Just because your family pet can't actually speak to you doesn't mean it isn't trying to tell you something. In fact, the body language of most cats and dogs should be enough to present a clear picture of the animal's thoughts and feelings.
Veterinarian Debbye Turner shows The Early Show a number of different positions of both our canine and feline friends, and explains what they mean:
Emotions of dogs, says Turner, are expressed this way:
The key identifying features of a happy dog are: ears perked up and forward; eyes wide open; mouth relaxed and slightly opened with teeth covered; body and tail relaxed. A happy dog will not attempt to look you in the eye and will probably go through the typical sniffing pattern. You should offer the dog the back of your wrist to smell before attempting to pet it
This includes both "active" and "passive" submissive postures. Most people have seen passive submission - this is when the dog lays down on it's back, belly up. This indicates a pacifying gesture that's offered to a more dominant individual (like the human owner). It seems as though the dog wants to have its belly rubbed in this position. Key identifying features of this behavior are: ears back; exposed belly; tail tucked in; head turned away and indirect gaze.
Active submission is a pacifying pose used when the dog acknowledges another dog or human's higher ranking, or to inhibit another dog's aggression. The key identifying features are: ears back; tail hangs low or wags slowly; one paw raised; eyes half closed and mouth nearly closed with just the tip darting out.
This is the position a dog takes when trying to solicit play. The dog bows down in front, which is a combination of submissive and dominant gestures. This stance is offered to invite another (dog or human) to play or as part of a courtship behavior. Identifying features are: front end of dog lowered, as if ready to leap forward; mouth open and relaxed with tongue exposed; ears up and tail up, loosely wagging.
This includes "defensive aggressive" in addition to aggressive. In a defensive aggressive posture, a dog is fearful and is giving warning signals to indicate that it does not want to be approached, but if it is, it will attack to protect itself. The key features of this pose are: ears back; pupils dilated; mouth is tense, wrinkled and snarling with exposed teeth; tail is down and tense; posture is mildly crouched with the weight over rear legs.
Aggressive behavior is indicated by: open snarling mouth with exposed teeth; ears up; tail up and tense; eyes making contact; growling.
Turner says cats, like dogs, express the following emotions through body language:
This includes three positions: standing, lying down and cleaning itself. In the standing position, the happy cat is displaying confidence. It's ready to explore its environment and engage those it meets along the way. This cat has friendly intentions. The key identifying features are: standing straight and tall; tail up; ears forward; purposeful walk.
When the happy cat lies down, it stretches out on its side or lies on its back, exposing its belly. This cat accepts being approached, but doesn't necessarily want its belly rubbed (it might grab your hands and bite you). Key features of the happy, laying down cat are: stretched out body; head and ears up; paws flexed in kneading motion; stomach semi- to completely exposed.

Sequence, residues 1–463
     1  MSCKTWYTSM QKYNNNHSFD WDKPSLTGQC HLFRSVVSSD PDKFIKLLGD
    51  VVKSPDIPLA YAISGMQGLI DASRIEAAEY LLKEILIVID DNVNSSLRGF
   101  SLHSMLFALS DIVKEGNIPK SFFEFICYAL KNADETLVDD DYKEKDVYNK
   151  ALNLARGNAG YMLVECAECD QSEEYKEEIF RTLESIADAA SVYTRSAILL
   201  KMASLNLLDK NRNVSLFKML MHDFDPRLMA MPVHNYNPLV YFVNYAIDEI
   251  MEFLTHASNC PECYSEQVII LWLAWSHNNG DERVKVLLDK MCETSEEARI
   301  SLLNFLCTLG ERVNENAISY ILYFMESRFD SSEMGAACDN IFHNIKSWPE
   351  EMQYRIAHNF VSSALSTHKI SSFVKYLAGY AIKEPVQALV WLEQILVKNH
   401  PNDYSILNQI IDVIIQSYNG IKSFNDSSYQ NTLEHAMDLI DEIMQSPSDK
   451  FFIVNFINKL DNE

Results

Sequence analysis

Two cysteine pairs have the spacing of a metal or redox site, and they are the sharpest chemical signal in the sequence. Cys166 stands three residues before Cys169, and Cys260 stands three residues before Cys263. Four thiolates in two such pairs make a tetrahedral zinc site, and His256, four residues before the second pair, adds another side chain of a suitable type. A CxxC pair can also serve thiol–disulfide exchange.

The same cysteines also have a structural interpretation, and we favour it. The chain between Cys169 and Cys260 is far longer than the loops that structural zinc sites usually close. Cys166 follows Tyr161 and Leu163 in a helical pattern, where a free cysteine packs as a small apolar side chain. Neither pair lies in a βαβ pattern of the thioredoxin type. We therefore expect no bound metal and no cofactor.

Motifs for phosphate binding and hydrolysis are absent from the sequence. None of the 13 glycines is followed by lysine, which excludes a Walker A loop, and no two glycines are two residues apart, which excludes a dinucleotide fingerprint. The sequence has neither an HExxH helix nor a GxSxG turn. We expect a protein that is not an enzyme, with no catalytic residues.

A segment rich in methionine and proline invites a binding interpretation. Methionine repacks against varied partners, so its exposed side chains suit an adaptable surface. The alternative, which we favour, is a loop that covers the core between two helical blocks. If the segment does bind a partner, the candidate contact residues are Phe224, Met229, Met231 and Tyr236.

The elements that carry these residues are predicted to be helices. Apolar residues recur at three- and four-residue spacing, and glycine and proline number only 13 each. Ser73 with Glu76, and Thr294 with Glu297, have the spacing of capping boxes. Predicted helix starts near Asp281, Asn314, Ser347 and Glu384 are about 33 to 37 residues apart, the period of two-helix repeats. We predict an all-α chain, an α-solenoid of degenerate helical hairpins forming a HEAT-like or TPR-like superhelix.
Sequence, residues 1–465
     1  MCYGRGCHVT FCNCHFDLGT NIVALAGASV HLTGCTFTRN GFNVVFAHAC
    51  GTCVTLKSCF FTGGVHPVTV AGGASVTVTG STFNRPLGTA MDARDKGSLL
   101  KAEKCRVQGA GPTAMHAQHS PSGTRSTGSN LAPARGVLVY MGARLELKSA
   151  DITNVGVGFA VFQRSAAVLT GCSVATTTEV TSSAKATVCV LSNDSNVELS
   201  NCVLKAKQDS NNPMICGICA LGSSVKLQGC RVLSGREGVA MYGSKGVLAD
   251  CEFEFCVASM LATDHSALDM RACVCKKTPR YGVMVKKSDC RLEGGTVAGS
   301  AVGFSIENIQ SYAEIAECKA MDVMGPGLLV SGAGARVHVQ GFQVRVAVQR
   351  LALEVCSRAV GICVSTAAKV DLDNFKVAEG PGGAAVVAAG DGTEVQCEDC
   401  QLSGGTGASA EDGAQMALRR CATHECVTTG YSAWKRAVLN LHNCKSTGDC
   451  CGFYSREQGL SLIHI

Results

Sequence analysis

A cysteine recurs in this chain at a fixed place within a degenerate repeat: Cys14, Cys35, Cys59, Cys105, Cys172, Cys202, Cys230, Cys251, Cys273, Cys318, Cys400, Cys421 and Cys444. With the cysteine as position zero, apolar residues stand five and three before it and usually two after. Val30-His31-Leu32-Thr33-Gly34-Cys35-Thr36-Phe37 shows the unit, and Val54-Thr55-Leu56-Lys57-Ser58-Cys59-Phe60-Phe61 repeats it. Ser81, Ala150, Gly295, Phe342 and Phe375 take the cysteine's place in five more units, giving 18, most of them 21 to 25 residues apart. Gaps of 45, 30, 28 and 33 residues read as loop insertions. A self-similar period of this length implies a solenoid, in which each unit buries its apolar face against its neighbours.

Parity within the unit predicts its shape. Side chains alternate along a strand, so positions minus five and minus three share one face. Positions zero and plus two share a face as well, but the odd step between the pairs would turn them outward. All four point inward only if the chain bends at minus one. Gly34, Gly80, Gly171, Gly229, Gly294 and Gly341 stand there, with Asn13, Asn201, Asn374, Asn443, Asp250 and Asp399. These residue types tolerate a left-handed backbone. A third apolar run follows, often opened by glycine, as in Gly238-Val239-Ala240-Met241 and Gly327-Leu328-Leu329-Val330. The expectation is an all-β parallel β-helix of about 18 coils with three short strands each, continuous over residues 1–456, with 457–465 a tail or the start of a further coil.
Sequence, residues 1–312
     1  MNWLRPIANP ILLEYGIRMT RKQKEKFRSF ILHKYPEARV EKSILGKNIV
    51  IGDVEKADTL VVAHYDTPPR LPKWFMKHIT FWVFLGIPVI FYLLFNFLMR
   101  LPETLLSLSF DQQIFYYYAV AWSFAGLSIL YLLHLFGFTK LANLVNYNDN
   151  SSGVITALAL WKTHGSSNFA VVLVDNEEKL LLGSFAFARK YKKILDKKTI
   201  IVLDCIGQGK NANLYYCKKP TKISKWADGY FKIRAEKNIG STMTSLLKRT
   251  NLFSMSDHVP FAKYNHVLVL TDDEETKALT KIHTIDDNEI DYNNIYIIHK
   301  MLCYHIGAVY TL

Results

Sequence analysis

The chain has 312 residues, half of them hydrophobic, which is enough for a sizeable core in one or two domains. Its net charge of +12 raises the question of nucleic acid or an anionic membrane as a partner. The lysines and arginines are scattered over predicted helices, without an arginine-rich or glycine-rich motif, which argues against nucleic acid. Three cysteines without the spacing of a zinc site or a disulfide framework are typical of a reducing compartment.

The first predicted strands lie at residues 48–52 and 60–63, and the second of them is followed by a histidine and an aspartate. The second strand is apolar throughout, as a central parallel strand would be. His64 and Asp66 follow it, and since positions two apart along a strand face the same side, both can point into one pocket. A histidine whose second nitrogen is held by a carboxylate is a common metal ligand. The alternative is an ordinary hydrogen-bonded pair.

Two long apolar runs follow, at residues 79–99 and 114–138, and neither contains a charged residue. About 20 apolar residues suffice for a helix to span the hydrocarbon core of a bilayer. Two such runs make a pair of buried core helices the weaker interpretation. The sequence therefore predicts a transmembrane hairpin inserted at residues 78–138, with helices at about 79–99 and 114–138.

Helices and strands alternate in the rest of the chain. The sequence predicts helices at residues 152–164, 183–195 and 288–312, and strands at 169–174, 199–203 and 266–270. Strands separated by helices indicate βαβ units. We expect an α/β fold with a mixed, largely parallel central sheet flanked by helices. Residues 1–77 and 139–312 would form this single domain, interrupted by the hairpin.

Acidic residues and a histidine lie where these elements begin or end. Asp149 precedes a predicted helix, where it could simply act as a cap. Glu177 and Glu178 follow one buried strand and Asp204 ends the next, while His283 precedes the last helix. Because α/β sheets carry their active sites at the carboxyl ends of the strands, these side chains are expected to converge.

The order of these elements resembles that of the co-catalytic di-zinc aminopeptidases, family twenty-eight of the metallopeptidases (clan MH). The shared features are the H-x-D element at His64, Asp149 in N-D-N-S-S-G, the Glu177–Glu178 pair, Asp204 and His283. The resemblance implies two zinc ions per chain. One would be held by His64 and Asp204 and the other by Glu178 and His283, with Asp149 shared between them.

The third happy cat position is when it's cleaning itself - a cat will not groom itself if it feels threatened. This posture is obvious - the cat is lifting a leg and licking it's stomach, etc.
Territorial behavior is distance reducing for a cat. This encourages approach and interaction and is meant to indicate that the cat means no harm. This is when a cat rubs its face against another cat (scent marking) or a person's hand, etc. to give off pheromones. This action is calming for the cat and essentially guarantees friendly interaction. The identifying features of this posture are: tail up; face rubbing to distribute glandular facial pheromones from the forehead, chin or whiskers.
The fearful cat tries to make itself look smaller by crouching into a ball. Muscles are tensed and the cat is posed to flee, if necessary. The key features are: body hunched and muscles tensed; tail held close to the body; enlarged pupils; ears swiveled sideways.
Again, this includes defensive aggressive. In the defensive aggressive posture, the cat is preparing itself for an unwanted interaction from a more dominant animal. This occurs when the cat determines that it cannot escape. The cat will roll slightly to one side to expose its paws, so it can protect itself. The key features of this behavior are: ears flat against the head; pupils dilated; body rolled to one side with paws exposed; claws out; facial muscles tense and teeth bared.
In the regular aggressive stance, the cat is trying to keep others from coming closer. The cat is standing up with its back arched and hair on end - this is the cat's way of appearing as formidable as possible, in order to maintain a distance-increasing behavior. The key identifying features are: arched back; fur standing straight up; ears sideways; pupils dilated; whiskers pulled back; paw slightly raised and ready to swat, if necessary; tail tensely curved and swishing.